June 15, 2011
By Sarah Brown
Flying into Maine just went from a costly tax gamble to an enticing proposition under a bipartisan budget signed by Gov. Paul LePage June 20.
The budget repeals a use tax that can slap out-of-state owners of new aircraft with bills for up to 5 percent of the aircraft’s value. The budget also adds a complete sales tax exemption on aircraft sales and parts for all aircraft owners.
The Appropriations and Financial Affairs Committee agreed on the budget in the early hours of June 10, and the legislature approved it the following week. The agreement is a dramatic shift for Maine, which notoriously hit one out-of-state aircraft owner with a nearly $26,000 bill for visiting the state in his Cirrus SR22.
“Maine’s use tax had long deterred pilots from visiting the state and put it at a competitive disadvantage with neighboring states in attracting new business and investment,” said AOPA Director of State Government Affairs Mark Kimberling. “Now, with the governor's signature, it has swiftly become one of the most GA business-friendly states in the nation.”
AOPA has been working for years to convince state leaders to take action against the use tax, which went into effect in 2007. This year, Kimberling and AOPA Northeast Regional Representative Craig Dotlo worked with the Senate’s new President, Kevin Raye, a Republican, along with key Democrats in the House and Senate, to renew the effort to repeal the economic impediment. Bipartisan support, and a focus in both houses of the legislature on creating a more business-friendly tax climate, helped the repeal and exemptions make it into the budget agreement.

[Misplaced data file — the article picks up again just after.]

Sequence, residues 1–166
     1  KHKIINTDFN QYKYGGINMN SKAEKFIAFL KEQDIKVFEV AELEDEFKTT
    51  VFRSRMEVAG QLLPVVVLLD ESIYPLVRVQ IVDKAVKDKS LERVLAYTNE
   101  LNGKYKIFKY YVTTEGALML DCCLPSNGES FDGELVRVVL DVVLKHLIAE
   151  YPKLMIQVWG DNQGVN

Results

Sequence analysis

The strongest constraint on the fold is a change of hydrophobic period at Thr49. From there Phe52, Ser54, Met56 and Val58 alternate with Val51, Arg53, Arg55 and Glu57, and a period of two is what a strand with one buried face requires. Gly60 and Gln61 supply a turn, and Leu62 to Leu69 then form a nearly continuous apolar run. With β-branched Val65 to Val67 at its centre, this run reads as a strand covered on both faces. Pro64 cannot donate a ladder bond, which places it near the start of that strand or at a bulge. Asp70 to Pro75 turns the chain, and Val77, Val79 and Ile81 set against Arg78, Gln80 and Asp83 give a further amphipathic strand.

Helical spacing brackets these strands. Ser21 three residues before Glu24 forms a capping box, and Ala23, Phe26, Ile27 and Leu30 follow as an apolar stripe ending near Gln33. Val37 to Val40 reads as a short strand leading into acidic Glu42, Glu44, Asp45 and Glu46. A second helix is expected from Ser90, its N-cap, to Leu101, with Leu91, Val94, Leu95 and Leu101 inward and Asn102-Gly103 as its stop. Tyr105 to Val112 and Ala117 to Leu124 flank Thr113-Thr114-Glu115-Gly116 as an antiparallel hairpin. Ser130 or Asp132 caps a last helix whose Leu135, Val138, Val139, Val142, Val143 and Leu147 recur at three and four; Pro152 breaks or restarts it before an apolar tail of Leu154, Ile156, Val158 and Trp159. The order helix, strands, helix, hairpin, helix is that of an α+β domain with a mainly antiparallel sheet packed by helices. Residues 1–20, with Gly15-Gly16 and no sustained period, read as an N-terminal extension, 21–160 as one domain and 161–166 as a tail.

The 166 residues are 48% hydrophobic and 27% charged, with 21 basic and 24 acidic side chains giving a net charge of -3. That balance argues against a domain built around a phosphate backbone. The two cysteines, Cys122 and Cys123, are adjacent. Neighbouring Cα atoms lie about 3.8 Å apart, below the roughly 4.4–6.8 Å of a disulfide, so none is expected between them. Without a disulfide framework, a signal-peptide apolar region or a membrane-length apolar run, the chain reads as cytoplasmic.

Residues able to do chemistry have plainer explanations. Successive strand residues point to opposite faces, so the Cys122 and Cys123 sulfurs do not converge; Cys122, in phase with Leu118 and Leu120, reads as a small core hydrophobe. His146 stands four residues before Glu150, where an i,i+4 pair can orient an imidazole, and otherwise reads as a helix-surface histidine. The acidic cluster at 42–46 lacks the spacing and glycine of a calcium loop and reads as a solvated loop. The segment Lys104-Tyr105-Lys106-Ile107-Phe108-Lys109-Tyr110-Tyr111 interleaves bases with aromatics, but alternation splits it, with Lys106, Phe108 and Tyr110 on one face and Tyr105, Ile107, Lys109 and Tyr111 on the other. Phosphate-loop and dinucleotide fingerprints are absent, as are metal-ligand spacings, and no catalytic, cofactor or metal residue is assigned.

“I am delighted that the Appropriations Committee’s unanimous proposed biennial State Budget includes my bill to reform Maine’s horrendous tax policy on visiting aircraft,” Raye said after the committee agreed on the $6.1 billion two-year budget. “It is my sincere hope that soon independent aviators will again be able to visit Maine without fear of receiving a tax bill for their stay.”
MVP Aero is developing a $189,000 light sport amphibious seaplane that doubles as a camper and is expected to fly in 18 months, with deliveries in 2017.
The FAA will miss a deadline to reform aircraft certification by two years, the agency told the House Aviation Subcommittee during a July 23 hearing.
AOPA is testing whether aircraft ownership can be more affordable than many people believe with the development of “Reimagined Aircraft.”
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